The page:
Many Latinos are disgusted by Obama's midterm switcheroo on executive action — he deferred action till after Nov. 4 for nakedly political reasons. But cynical as his decision may have been, it did make a certain amount of political sense. Of the 10 toss-ups that are in play next week, only one — Colorado — has a significant Latino presence. Deferring action will certainly depress their turnout next week (although by how much is debatable since Latinos don't show up in huge numbers for the midterms anyway). But forging ahead would have mobilized far more whites in the other nine states, making next week even more of a rout of Democrats, especially since the gap is no more than a few percentage points in most of these races.
But in the 2016 presidential election, this dynamic will fundamentally change: Latinos will be a crucial factor in far more swing states. Indeed, the president himself admitted to The Des Moines Register before the last presidential election that the one big reason he would capture a second term is because the GOP had so thoroughly alienated Latinos, the fastest-growing demographic group. And what was true then is going to be even truer next time.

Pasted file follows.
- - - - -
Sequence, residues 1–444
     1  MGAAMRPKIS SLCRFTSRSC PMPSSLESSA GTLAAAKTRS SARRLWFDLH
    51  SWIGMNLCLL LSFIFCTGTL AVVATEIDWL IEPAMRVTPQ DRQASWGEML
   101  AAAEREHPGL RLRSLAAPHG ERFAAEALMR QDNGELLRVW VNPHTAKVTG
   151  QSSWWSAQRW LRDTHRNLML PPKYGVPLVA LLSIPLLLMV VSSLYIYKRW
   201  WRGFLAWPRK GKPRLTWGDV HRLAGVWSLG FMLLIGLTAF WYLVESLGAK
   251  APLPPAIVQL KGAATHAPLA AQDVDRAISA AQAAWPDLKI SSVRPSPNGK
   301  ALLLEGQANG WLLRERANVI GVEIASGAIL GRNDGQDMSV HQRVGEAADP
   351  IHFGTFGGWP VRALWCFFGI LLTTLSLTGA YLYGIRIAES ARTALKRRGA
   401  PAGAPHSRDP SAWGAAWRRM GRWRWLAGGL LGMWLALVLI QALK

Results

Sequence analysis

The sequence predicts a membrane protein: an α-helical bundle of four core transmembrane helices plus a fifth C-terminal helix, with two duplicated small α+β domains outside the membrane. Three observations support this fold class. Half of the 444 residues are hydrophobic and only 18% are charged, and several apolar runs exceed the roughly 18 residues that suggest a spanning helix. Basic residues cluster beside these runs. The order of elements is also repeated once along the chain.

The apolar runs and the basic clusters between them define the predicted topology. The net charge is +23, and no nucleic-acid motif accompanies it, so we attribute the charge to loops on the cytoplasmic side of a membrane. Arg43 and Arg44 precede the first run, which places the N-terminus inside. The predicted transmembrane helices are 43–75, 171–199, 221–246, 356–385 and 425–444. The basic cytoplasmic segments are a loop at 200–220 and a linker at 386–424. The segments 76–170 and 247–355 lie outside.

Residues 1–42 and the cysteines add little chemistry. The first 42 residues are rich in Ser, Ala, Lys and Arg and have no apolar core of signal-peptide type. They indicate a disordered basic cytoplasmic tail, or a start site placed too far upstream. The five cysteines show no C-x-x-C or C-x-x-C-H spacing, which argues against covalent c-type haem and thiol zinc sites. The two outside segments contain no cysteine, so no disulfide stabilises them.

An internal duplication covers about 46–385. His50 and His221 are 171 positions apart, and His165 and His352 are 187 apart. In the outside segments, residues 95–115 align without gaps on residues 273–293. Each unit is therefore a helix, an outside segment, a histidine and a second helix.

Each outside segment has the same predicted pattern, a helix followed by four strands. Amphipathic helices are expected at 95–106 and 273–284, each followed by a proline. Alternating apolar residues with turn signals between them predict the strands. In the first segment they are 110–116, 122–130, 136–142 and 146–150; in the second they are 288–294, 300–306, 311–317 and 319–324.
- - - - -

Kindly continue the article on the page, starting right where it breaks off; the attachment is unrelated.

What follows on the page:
Latinos made up 11 percent of the eligible voting population in 2012, and that number will be even higher by 2016. It will rise by 2 percentage points in critical presidential swing states, including Florida (where their share of the electorate will hit 19 percent), Colorado (16 percent), and Nevada (18 percent) — as well as New Mexico (42 percent), Texas (29 percent), and Arizona (22 percent).
That ought to give Democrats an automatic advantage except for this fact: Just because Latinos are eligible to vote doesn't mean that they will. Only 50 percent of them turn out compared with 66 percent of whites; that's one reason why Texas is still so reliably red. Latinos' 2012 turnout rate was higher because Obama had vowed to push immigration reform through Congress on a priority basis in his second term.